Web-GIS and Environmental Justice

May 11, 2001

This is the second GIS Applications workshop that is focused on the theme of Environmental Justice and GIS. It is intended to provide a forum where students can share their portable technical skills with community groups that bring place-based knowledge to a project. The cooperation between Cornell CRP and the Community University Consortium for Regional Environmental Justice is unprecedented. This workshop reflects two agendas: 1) identifying and developing strategies for planners and technology to assist community-based organizations in their day to day struggles for environmental and economic justice, and 2) the need to produce a system of web-pages that presents community defined environmental problem areas for Internet publishing.

Day/time: Tuesday 3:35-4:25 (?? 5 p.m.).
Location: Sibley Hall, Room 318

Lab sessions:
Wednesdays 10:10-12:05
Location: GEDDeS Lab, Sibley Hall, Room 222

Field Trips:
At least 2 weekends (possibly mid-September and end-of-September)


In the past few years, the availability and accuracy of Federal data relevant to environmental justice has exploded. As a result, a wide variety of decisions by private industry and by federal, state and local government are increasingly driven by the analysis of readily-available data sets like the Toxic Release Inventory, the Census, and the American Housing Survey.
This “information revolution” has not trickled down to communities struggling for environmental justice. When data-driven decisions (like RCRA permitting, emergency planning, or Clean Air Act attainment) are made, environmental justice communities have not consistently been able to mobilize data resources in their efforts to participate in decision-making. Other stakeholders in such decisions have a variety of “lenses” at their disposal through which to analyze and to use environmental data. The lack of such tools for EJ communities often leads to decision-makers overlooking key environmental justice issues. Equally important, the lack of “data lenses” tuned to communities· needs reduces the set of options available to all stakeholders. A number of GIS efforts in the past have attempted to mobilize data resources for a combination of reasons, including inappropriate complexity, lack of sustainability, and lack of accessibility. The Community University Consortium for Regional Environmental Justice is creating a model of enhancing Geographic Information Systems to address this void: the Web-GIS. The goal of the Web-GIS project is to provide community organizations and communities with a simple, community-specific way to access, to visualize, and to communicate information critical to their day-to-day work on local environmental issues.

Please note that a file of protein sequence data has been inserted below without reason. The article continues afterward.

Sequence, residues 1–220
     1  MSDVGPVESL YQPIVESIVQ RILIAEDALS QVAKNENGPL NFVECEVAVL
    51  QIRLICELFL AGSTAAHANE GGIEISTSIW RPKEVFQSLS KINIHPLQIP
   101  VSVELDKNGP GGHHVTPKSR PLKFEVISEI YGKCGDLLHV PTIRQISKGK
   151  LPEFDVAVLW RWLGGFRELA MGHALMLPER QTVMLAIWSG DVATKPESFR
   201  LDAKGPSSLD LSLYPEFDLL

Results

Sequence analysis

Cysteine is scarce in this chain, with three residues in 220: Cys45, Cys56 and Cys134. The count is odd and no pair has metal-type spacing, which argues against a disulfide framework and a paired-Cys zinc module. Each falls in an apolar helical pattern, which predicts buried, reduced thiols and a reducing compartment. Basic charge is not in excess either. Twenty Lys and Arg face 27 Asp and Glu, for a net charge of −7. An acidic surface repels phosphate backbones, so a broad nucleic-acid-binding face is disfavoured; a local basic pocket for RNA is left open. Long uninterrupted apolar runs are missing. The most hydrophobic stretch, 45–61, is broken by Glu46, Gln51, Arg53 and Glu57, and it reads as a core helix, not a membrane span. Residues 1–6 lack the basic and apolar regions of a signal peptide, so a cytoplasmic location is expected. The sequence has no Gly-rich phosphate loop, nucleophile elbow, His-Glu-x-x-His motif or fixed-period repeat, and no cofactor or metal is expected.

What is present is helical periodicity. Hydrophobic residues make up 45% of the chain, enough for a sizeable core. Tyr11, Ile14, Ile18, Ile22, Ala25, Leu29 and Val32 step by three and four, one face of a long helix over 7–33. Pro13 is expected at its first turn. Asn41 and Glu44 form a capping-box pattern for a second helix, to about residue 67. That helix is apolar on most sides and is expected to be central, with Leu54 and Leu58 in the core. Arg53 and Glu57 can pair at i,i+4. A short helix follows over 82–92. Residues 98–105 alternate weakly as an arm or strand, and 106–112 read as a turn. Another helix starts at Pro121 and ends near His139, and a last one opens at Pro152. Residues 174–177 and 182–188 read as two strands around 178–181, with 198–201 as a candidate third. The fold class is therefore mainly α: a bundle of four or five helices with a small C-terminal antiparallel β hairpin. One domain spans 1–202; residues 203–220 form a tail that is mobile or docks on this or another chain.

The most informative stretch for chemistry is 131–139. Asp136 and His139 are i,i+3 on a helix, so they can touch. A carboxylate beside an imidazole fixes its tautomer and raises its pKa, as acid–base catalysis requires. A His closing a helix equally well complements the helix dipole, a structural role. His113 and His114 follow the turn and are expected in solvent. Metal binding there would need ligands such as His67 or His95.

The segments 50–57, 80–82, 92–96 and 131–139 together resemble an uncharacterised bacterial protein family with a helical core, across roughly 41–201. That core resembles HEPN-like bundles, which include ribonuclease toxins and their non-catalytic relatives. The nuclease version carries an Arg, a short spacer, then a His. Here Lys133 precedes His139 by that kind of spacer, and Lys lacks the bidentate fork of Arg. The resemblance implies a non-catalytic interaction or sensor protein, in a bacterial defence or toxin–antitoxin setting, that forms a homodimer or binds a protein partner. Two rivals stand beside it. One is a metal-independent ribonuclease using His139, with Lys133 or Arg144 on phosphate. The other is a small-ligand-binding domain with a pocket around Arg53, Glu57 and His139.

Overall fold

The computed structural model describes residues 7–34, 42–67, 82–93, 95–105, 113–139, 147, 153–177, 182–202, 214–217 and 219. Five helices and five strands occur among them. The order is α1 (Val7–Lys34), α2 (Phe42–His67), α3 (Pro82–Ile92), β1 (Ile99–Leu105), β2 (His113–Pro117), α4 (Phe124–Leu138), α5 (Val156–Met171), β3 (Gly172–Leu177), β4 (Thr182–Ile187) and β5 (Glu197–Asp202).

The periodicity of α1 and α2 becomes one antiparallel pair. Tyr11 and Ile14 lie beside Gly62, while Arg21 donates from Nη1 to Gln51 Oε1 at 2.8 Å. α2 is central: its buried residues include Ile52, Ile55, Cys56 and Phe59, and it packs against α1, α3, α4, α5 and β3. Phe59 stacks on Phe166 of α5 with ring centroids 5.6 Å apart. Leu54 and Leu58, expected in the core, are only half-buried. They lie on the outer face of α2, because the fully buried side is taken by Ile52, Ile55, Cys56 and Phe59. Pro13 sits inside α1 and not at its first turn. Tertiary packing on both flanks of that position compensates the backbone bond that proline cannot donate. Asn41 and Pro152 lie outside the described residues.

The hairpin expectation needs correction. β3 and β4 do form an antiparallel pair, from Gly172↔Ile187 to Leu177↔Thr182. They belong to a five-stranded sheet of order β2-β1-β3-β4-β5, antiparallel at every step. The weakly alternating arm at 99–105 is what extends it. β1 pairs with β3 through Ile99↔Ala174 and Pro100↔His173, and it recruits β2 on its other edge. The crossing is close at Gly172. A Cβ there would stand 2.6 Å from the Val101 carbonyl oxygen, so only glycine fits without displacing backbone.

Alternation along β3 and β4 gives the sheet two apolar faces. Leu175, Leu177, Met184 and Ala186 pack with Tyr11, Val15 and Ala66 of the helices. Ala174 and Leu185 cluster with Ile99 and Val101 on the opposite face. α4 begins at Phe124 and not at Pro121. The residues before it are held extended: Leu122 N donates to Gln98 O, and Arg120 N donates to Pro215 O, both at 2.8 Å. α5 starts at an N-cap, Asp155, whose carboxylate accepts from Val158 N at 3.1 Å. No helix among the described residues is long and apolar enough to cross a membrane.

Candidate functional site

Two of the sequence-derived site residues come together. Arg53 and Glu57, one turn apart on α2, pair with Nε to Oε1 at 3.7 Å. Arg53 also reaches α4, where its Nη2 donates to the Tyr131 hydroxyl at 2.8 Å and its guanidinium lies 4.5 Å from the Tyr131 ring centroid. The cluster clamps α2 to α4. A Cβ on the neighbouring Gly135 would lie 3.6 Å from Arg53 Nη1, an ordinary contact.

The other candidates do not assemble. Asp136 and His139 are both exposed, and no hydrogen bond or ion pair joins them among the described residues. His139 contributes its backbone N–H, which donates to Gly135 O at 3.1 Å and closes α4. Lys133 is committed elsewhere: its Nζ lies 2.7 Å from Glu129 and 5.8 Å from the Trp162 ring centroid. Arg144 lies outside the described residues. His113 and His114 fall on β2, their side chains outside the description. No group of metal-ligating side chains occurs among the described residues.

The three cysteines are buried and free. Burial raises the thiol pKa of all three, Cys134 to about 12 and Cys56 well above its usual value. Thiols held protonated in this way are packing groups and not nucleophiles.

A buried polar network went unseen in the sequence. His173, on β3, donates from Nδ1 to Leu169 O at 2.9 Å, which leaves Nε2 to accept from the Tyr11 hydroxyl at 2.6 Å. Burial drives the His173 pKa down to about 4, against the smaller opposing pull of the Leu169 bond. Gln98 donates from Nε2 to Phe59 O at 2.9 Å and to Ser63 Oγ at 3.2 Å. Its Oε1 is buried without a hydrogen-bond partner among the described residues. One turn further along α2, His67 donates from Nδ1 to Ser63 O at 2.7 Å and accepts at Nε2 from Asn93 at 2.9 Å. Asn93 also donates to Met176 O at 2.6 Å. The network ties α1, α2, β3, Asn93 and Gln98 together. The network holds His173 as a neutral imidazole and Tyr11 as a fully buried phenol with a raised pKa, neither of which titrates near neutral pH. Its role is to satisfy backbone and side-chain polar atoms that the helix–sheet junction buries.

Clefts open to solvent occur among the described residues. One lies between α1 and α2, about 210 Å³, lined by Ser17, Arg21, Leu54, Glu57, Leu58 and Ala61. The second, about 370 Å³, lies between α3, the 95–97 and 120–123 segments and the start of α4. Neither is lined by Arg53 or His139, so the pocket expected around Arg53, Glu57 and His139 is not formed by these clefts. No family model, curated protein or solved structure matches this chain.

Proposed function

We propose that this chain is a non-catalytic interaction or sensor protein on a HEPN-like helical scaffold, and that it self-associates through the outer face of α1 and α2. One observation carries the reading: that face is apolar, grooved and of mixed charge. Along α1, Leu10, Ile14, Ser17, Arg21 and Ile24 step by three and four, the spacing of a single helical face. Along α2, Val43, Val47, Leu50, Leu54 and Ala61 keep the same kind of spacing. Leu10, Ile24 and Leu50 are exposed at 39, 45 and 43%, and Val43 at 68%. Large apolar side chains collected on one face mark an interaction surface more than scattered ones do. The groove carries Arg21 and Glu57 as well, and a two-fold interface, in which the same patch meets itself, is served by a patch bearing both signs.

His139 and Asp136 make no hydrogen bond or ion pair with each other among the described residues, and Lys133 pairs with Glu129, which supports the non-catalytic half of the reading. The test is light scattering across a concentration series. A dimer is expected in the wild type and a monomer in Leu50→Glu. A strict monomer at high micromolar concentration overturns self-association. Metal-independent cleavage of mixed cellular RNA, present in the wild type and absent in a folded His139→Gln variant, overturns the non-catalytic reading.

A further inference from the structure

The end product of this course will include a system of webpages that will serve as model/prototypes for the Web-GIS·s regional and national implementation later in 1999. Heavy emphasis will be placed on the design process to ensure that the interface developed grounds the data in the community·s experience and usefully represents their understandings of the geography of pollution in their community. A second product from the course will focus on the process of community mapping itself. A report on this model of University/Community partnership will be developed to provide other areas interested in this type of community-planning partnerships with an easily replicable step-by-step training manual.
Fall 2000 Workshop Tasks

In the fall of 2000, we will work with Magnolia Tree (Brooklyn, New York), Greater Newark Conservancy in collaboration with IronBound Community Corporation (Newark New Jersey), and South Bronx Clean Air Coalition.
The main workshop activities will include:
a. Lectures and discussions tied to key readings on environmental justice, social justice, advocacy planning, public domain data sets and web-GIS technologies.
b. Toxic Tours to be led by community leaders – Students involved with this workshop will tour communities and learn rich histories of community planning and development from the perspective of the community leaders. While on the tour, students will take photos and record key information about each site, in addition to noting geographic locations, landmarks and addresses. They will focus on situating problem areas of urban congestion, and environmental hazards in relation to housing, points of pride, community facilities (including schools and churches), parks and open spaces.
c. Community risk mapping (CRM)CRM allows the development of a group understanding of environmental hazards in large and small settings. Community residents begin by brainstorming the risks they faced in their communities. During that process, it is important for students to “facilitate” not “lead” activities. By design, the brainstorming is specific, naming the environmental risk along with its location in the community. Once the brainstorming was complete, the lists will be grouped and color-coded to represent a more manageable list of risk categories (e.g. air risks in red, hazardous waste in blue, etc.). Residents will then be asked to draw their communities on poster-board. In some cases the community organization will already have a map with boundaries, streets and landmarks. A combination of these physical and “mental” maps will then be transcribed onto large sheets of paper.